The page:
Sunday, May 24, 2015


I implemented another pass but now have doubts about whether I am tackling the problem right. These doubt stem from switching from a declarative description to implementing the compiler impurely in C++ and the transform I implemented.

For the bootstrap compiler, I was forced to reason within a declarative pure framework. Because a compiler is bookkeeping plus term rewriting, I more or less naturally decided to shift as much of the work to term rewriting as I could because of the lack of imperative manners of bookkeeping. The compiler rewrites the term, hoists a number of local definitions to the top level, and the only minimal bookkeeping it does is keeping an environment table around to look up the definitions of applied identifiers, it furthermore uses an impure counter to create fresh variables.

This is a fine and robust manner when working declaratively. All information is neatly represented in the tree and each pass can be visually inspected; the environment can be, and is, constructed on the fly when needed.

But I wonder whether I will end up with a rather odd beast when implemented impurely. I could also implement it more imperatively and shift work back to bookkeeping. People from the C++ world will probably find it a very odd compiler that it doesn't do the bookkeeping directly by impurely creating tables with references around to the various constructs in the tree and rewriting the tree in-situ.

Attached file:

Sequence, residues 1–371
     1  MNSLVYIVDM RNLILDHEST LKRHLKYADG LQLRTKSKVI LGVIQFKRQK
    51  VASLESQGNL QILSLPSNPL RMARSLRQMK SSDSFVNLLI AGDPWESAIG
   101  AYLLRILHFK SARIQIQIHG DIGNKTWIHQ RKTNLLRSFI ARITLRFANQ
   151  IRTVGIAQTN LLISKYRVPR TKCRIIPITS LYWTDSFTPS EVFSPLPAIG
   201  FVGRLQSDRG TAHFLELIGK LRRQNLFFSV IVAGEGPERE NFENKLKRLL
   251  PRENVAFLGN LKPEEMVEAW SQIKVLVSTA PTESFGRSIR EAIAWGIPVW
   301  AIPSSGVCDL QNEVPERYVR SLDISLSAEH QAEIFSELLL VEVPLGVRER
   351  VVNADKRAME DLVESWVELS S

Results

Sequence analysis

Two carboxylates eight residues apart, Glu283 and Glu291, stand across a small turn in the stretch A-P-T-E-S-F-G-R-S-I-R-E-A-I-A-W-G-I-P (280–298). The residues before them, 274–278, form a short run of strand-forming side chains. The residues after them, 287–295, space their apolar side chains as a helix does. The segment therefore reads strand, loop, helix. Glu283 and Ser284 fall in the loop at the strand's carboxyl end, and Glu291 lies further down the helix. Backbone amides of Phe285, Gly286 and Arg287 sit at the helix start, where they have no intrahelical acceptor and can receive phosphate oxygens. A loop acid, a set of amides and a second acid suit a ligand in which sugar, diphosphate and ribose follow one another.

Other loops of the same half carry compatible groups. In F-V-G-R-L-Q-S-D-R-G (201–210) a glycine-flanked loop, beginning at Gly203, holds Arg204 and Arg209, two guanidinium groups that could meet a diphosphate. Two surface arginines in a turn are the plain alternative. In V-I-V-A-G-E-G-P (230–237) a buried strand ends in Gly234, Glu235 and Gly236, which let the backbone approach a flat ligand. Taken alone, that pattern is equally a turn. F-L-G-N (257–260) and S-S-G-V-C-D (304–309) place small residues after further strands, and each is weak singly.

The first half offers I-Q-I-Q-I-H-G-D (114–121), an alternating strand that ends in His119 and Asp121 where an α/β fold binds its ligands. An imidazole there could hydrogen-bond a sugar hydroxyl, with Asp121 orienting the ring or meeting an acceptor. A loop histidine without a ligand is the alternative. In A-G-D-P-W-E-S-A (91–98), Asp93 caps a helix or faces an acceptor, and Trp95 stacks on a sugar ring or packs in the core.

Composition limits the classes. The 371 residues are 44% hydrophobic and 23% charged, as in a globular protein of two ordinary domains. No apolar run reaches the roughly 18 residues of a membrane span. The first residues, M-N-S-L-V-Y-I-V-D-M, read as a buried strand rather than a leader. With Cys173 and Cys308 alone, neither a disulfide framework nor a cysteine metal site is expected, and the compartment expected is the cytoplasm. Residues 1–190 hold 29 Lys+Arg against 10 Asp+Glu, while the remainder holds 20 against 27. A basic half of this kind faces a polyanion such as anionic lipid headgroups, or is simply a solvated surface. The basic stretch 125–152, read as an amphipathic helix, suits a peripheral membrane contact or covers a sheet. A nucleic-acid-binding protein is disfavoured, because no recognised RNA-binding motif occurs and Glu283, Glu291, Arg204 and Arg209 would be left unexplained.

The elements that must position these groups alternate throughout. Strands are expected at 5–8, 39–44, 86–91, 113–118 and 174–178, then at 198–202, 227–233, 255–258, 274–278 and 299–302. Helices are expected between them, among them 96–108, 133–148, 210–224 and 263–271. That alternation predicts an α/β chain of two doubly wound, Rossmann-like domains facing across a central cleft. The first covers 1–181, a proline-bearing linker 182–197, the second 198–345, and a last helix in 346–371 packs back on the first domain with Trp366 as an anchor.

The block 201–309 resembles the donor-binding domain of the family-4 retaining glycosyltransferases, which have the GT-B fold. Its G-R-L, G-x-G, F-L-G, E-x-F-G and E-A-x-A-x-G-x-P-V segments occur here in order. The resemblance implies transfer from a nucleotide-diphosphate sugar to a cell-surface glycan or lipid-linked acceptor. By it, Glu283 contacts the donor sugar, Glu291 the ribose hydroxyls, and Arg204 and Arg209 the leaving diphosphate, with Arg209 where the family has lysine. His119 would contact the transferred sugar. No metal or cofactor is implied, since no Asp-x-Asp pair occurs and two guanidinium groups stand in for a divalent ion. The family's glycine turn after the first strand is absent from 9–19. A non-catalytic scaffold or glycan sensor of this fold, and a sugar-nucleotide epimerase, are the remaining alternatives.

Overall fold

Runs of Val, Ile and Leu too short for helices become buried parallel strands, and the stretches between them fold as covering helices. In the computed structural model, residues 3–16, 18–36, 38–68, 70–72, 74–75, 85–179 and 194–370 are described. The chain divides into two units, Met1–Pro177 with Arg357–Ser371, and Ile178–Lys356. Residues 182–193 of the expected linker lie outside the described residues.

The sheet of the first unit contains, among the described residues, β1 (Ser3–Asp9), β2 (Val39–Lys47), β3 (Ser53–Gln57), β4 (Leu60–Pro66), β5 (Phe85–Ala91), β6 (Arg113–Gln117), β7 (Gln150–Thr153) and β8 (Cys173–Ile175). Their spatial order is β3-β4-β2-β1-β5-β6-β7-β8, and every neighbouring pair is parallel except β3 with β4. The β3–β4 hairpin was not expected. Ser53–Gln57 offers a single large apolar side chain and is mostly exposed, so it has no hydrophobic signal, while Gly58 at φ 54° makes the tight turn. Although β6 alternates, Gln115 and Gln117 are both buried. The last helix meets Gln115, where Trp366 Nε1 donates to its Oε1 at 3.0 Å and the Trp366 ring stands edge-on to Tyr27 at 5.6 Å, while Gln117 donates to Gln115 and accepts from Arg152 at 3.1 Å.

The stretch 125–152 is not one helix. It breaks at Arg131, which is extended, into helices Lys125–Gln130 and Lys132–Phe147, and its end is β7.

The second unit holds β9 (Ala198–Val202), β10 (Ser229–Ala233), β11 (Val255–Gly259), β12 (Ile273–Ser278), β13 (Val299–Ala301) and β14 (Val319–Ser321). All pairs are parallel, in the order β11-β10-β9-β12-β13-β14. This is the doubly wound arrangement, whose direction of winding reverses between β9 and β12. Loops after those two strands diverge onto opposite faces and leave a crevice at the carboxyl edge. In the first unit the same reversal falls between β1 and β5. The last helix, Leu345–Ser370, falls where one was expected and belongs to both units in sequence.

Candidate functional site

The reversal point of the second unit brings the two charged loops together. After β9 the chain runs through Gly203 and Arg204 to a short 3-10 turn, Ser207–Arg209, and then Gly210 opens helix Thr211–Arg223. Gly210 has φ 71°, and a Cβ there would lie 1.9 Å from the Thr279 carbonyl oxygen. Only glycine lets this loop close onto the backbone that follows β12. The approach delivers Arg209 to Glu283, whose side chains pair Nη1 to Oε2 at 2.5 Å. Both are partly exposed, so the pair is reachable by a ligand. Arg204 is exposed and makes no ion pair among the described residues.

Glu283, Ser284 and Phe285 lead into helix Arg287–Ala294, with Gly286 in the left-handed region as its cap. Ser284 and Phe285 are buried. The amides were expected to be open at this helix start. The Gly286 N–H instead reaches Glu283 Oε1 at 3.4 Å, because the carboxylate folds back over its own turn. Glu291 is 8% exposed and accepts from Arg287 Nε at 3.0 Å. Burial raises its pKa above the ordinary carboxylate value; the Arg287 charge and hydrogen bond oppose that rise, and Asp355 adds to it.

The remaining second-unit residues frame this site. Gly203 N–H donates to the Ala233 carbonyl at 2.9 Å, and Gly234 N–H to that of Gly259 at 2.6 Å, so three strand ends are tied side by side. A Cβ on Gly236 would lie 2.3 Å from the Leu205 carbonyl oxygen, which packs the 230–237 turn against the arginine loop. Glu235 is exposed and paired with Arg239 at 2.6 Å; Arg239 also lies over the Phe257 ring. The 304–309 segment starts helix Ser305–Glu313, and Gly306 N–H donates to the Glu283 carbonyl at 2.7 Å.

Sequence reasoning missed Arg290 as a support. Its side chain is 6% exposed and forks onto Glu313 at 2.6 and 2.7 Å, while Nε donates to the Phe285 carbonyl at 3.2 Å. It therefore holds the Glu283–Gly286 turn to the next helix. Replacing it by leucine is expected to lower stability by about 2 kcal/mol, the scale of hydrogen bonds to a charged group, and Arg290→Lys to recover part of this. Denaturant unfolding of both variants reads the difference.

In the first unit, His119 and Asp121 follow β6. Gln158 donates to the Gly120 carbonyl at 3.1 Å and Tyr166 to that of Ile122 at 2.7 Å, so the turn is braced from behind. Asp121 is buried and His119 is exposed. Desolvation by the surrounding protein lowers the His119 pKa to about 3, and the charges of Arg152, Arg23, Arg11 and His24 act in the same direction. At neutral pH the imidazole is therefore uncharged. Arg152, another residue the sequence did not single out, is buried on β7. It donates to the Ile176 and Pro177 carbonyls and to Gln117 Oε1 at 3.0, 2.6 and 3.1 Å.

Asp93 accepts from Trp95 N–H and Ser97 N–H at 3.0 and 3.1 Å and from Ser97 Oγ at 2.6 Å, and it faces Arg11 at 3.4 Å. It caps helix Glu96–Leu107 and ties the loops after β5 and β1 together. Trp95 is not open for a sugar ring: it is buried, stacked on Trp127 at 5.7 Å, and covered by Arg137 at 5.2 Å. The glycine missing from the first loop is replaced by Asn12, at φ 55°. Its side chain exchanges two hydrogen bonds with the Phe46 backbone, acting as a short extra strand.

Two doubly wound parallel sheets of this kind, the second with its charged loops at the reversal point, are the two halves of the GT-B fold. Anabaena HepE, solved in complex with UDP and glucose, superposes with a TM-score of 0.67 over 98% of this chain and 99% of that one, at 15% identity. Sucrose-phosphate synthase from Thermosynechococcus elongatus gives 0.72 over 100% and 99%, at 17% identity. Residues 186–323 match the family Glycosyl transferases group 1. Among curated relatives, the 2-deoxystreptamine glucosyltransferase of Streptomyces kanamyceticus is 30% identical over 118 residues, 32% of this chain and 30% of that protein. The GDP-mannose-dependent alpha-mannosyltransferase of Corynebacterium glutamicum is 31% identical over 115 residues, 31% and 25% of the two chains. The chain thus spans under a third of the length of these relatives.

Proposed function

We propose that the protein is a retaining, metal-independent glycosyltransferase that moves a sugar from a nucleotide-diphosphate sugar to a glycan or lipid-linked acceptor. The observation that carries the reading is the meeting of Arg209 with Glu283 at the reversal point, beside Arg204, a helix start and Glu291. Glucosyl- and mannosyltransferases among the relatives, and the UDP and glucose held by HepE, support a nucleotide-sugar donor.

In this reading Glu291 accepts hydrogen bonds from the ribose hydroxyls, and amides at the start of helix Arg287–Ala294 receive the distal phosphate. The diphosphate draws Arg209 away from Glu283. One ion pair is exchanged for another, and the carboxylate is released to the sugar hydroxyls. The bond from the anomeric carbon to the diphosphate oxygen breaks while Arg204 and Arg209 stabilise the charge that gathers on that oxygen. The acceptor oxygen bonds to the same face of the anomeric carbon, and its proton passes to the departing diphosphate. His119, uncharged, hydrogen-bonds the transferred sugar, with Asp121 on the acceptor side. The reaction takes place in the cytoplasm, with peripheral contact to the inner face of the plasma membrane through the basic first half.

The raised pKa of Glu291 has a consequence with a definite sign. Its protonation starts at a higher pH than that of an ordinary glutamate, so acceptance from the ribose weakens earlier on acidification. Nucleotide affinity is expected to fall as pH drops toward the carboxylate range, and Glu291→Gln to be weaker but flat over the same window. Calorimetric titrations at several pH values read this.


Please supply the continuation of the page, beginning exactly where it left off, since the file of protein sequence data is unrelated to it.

The second doubt is whether I got the current transform right. I really appreciate minimalism but in a flurry of code I shifted from a push model to a pull model as basis for rewriting the tree. I.e., in the bootstrap compiler a typical transform looks like this:

    [ decl_space po c id aa dd -> 
        (rr0, e) = transform_child transform_metintro bindings.empty e;
        (rr0, e) = add_bindings rr0 e;
    | part po c id im dd -> 
        (rr0, e) = transform_child transform_metintro bindings.empty e;
        (rr0, e) = add_bindings rr0 e;
    | decl_interface po c id aa t k -> 
        rr0 = reduce_method_constraint id t bindings.empty;
            (bindings.union rr rr0, e)
    | e -> (rr,e) ]

It handles some special cases and 'pushes' the rewriting process further by 'asking' the transform to rewrite a node and its children.

In C++ I now have rewrites like this:

class RewriteBind: public Rewrite {
    RewriteBind(): _state(AstEmpty().clone()) {

    // state manipulation
    void set_state(const AstPtr& a) {
        _state = a;

    // rewrites
    AstPtr rewrite_decl_type(const Position& p, const AstPtr& n, const AstPtr& t) override {
        auto t0 = rewrite(t);
        return AstDeclType(p, n, t0).clone();

    // cuts
    AstPtr rewrite_decl_definition(const Position& p, const AstPtr& n, const AstPtr& t, const AstPtr& e) override {
        return AstDeclDefinition(p, n, t, e).clone(); // cut

    AstPtr _state;

The transform rewrites everything and it is manually directed with various cut-offs where not to continue rewriting. The drawback is a lot of cuts, I somewhere prefer the original solution. I guess nobody looks at the source code of a compiler so I'll guess I'll stick to it. But doubts.

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